Featured in the book and the exhibition, “Basilique du Sacre-Coeur” is Supachai’s shot of the Roman Catholic basilica that’s among Paris’ chief tourist attractions.

“I took this in the sunshine of a winter morning,” he says. “I was waiting for someone to walk into the frame, and fortunately a man carrying his bicycle appeared and walked up the steps to the church. Here I’m saying that it isn’t just a place for tourists, but also for the locals.”

His view of “Rue de Rennes” centres on a coffee shop.

“I saw a man smoking and reading a book inside, just part of the daily lives of Parisians, who usually don’t stay in their apartments,” Supachai says. “They spend their time at the bistros, reading, working or chatting. 

“At first I couldn’t see his face through the window. By chance there was a man in a black jacket standing at the traffic lights and his shadow reduced the reflection. It was the shot I’d been waiting for.”

Supachai has an alternative name for his photo “Quai de Valmy”.


“I call it ‘James Dean’. I had a quick glimpse of a man with his hands in his trouser pockets walking past me just after the rain had stopped. It reminded me of a movie poster of the American actor. I turned around and ran back across the bridge to get the shot, another lucky moment. 

“Honestly, this picture reflects my feelings of loneliness. I have a wife and children but I have no friends, so I could sense this man’s loneliness. That’s my romantic side coming out.”

“Musee de l’Orangerie” appears on the book cover. 

“The feeling is similar to that of Claude Monet’s water lilies paintings. I was walking around the pond with my children and noticed a couple who might have been romancing or maybe reconciling. I felt the emotion of their interaction and loved the tones of the background. It’s like a work of art.”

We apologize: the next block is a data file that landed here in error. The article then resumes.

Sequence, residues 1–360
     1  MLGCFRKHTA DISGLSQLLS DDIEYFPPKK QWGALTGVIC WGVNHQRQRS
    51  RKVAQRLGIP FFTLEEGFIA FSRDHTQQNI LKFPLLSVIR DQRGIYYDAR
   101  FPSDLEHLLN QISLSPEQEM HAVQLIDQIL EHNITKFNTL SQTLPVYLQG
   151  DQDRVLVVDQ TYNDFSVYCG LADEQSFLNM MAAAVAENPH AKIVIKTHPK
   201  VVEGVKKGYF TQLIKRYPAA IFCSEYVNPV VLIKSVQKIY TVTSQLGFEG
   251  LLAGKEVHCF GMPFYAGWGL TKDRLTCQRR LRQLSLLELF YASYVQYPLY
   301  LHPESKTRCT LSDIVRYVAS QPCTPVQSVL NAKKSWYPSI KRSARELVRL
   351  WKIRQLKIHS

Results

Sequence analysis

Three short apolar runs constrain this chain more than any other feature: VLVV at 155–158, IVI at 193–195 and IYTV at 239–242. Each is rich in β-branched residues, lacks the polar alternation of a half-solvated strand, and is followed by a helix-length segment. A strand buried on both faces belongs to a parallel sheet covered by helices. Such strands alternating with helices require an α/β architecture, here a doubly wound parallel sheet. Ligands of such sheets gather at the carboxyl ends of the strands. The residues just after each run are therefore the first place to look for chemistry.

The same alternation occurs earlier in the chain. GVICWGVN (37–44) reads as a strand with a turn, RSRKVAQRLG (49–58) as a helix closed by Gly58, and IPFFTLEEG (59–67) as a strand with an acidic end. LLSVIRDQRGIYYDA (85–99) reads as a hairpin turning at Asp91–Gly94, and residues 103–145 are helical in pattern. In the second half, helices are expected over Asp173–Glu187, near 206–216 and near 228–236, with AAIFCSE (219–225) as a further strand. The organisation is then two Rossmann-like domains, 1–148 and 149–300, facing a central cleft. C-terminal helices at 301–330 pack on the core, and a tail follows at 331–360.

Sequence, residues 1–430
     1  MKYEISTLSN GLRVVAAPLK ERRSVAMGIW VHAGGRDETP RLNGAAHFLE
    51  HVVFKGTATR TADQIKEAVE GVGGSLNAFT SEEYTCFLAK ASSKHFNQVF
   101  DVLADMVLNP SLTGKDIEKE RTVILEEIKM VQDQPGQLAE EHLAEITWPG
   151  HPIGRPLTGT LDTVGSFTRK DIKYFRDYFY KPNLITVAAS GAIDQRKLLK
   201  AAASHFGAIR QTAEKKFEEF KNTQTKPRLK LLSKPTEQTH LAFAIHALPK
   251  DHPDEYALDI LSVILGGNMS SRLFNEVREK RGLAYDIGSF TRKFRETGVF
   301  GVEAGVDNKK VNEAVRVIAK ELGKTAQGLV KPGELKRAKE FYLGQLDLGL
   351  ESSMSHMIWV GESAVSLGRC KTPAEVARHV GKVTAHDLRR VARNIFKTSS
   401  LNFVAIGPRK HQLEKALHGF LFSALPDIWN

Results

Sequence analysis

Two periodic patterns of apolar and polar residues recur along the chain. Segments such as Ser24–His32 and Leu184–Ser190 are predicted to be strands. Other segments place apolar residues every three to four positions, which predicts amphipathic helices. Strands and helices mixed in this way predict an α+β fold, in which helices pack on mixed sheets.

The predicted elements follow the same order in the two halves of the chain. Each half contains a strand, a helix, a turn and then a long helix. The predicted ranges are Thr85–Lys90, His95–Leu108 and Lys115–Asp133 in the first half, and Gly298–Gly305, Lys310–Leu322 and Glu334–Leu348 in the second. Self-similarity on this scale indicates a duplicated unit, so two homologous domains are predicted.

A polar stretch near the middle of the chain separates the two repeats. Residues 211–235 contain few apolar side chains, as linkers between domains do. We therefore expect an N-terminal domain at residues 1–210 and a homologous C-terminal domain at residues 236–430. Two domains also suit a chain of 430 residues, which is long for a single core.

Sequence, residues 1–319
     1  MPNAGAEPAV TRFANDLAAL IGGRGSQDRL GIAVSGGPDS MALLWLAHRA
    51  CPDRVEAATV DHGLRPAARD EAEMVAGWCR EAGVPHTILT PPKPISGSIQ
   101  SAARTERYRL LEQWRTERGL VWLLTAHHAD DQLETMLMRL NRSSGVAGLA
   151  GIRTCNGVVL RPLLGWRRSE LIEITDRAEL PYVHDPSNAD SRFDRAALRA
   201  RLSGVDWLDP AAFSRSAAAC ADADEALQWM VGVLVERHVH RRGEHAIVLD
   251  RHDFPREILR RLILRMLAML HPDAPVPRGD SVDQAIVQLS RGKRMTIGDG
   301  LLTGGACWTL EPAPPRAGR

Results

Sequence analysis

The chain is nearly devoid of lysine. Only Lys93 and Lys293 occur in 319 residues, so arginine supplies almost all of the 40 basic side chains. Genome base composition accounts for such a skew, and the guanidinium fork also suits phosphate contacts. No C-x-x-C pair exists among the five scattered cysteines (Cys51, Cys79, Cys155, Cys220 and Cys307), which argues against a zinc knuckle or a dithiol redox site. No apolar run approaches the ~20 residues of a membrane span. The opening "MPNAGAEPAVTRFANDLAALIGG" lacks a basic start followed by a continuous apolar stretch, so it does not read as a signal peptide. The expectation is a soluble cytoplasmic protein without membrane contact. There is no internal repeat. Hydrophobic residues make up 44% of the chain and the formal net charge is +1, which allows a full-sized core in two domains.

“Rue Montorgueil” was taken near Supachai’s home. 

“I waited for the right moment, for the girl to bend the shy boy’s head down so she could rest her cheek against his,” he says. “It has their innocence, the human interaction and the city. Actually it’s an accidental double exposure – one shot of buildings and the other of the boy and girl. But it’s still a good picture.”

As well as Cartier-Bresson, Supachai has drawn inspiration from Robert Doisneau, Willy Ronis and Raymond Depardon, all chiefly documentary photographers and photojournalists.


“Cartier-Bresson would find a visually arresting setting and then patiently wait for that ‘decisive moment’ to arrive. Doisneau photographed huge groups of people. Depardon was interested in recording his memories of places.”

Asked whether a career in photography is financially viable nowadays, Supachai says the digital era has made it less so.

“Being a photographer was once a good career, but technology has undermined the print media, so the newspapers and magazines are collapsing. Digital photography doesn’t require the same skills, either. 

“So now you see photographers having to do something else to earn a living, such as designing websites or blogging and finding different ways to promote their products. 

“It’s not going to change me, though. I still prefer film to digital cameras.”

His best at the bistro

- Find out more about Supachai’s book and exhibition, both titled “Les Parisiens”, at (094) 552 0559.